Butler Township Police Chief Charles Altmiller, Sgt. Robert Maholik, state Rep. Todd Eachus, D-Butler Twp., Cpl. William J. Feissner, and township officials Judy Pekarek and Robert Shelhamer address the media in the Butler Twp. meeting room on Tuesday.Aimee Dilger/the times leader
BUTLER TWP. – Three police departments are reaching out into the community to teach parents about the dangers of Internet predators.
State Rep. Todd Eachus, D-Butler Twp, has secured a $15,000 grant from the state Department of Community and Economic Development to help offset the cost of investigations and community awareness about chat room predators.
Eachus and Butler Township police Cpl. William Feissner said they plan to share their success with other police departments.
The grant will be used to educate parents and children, to investigate and prosecute Internet predators, to develop a model for other law enforcement agencies and interagency cooperation with the Federal Bureau of Investigations, the state Office of Attorney General and the Luzerne County District Attorneys Office, Eachus said.
“Computer crimes are complex to investigate,” Feissner said. “Local law enforcement shy away from such cases because it takes months to build a case, many cases are shoved under the carpet because many departments don’t have the resources or manpower.”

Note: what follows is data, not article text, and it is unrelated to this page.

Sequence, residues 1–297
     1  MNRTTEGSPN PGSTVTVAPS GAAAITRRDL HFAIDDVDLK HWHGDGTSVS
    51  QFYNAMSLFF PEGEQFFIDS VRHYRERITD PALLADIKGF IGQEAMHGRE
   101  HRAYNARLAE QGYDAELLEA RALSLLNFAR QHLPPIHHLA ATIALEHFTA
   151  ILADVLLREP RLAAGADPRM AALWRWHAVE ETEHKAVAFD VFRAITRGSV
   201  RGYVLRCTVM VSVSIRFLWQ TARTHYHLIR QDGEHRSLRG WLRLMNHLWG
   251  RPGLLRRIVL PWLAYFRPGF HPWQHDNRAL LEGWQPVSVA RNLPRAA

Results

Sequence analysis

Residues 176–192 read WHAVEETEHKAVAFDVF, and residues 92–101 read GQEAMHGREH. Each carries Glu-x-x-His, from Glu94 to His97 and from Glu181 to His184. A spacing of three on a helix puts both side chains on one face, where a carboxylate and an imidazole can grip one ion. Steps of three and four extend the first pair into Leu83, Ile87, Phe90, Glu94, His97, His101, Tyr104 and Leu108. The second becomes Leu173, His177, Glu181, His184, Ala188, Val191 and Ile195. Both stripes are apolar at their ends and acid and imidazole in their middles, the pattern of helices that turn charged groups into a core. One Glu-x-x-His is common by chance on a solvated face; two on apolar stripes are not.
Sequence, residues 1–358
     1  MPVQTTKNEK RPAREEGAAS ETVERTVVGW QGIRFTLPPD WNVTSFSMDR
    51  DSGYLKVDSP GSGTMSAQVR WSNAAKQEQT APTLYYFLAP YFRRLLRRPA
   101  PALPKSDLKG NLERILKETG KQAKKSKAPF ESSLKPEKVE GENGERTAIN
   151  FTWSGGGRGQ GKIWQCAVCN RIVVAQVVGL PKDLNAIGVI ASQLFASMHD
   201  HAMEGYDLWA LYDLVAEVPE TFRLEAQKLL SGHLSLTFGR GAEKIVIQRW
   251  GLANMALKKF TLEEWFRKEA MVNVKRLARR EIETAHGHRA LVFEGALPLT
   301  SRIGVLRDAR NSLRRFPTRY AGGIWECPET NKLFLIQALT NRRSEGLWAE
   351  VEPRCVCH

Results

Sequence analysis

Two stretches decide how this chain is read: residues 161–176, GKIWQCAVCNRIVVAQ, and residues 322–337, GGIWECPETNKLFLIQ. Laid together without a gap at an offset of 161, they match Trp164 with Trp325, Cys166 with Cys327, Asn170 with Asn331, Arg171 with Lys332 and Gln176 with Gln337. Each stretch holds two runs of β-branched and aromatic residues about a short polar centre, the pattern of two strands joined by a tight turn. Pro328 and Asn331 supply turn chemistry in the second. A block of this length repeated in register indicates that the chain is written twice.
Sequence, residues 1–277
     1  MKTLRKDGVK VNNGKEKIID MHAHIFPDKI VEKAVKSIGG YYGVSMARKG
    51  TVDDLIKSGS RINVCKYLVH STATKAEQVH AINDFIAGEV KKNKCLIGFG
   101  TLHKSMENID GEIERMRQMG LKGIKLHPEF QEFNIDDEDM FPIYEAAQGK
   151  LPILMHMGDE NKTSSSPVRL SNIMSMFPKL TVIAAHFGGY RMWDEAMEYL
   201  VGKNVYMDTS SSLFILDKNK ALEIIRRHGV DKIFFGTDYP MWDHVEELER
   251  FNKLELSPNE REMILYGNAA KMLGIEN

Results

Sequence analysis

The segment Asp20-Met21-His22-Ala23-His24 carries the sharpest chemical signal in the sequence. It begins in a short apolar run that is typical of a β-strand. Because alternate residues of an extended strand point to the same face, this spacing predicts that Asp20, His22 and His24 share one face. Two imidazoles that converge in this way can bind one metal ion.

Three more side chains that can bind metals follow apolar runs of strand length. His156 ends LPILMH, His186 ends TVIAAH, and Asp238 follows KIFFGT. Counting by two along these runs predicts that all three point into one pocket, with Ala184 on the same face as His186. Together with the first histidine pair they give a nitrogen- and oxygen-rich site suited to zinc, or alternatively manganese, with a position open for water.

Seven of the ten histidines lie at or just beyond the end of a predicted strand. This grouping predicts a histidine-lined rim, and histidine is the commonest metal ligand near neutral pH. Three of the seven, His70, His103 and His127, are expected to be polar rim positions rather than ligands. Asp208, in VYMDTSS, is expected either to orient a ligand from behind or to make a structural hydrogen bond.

Township police will team up with police in White Haven and Freeland to investigate Internet predators. Officers will also educate students in schools and attend community meetings with parents about the dangers of Internet chat rooms.
Township police and White Haven police have conducted Internet sex stings in the last two years arresting men who used chat rooms to sexually proposition what they believed were children. The children were actually police decoys.
“We’ve conducted four stings,” Feissner said. “It’s very intensive with manpower and resources. We’re hoping to create a model to share with other agencies.”
“Part of the problem is sharing the resources to do it,” Eachus said. “It’s a challenge to dedicate the time at the local level.
“As a parent, I want these people prosecuted,” Eachus added.
Eachus said many children and young adults use myspace.com or facebook.com to post their biography and personal pictures, predators rely on that information to find victims.
“It’s a new world out there with various Web sites, which create a risk to children,” Eachus said. “When you post something on a Web site, it’s there forever even if you delete it. There’s always a way to access it.”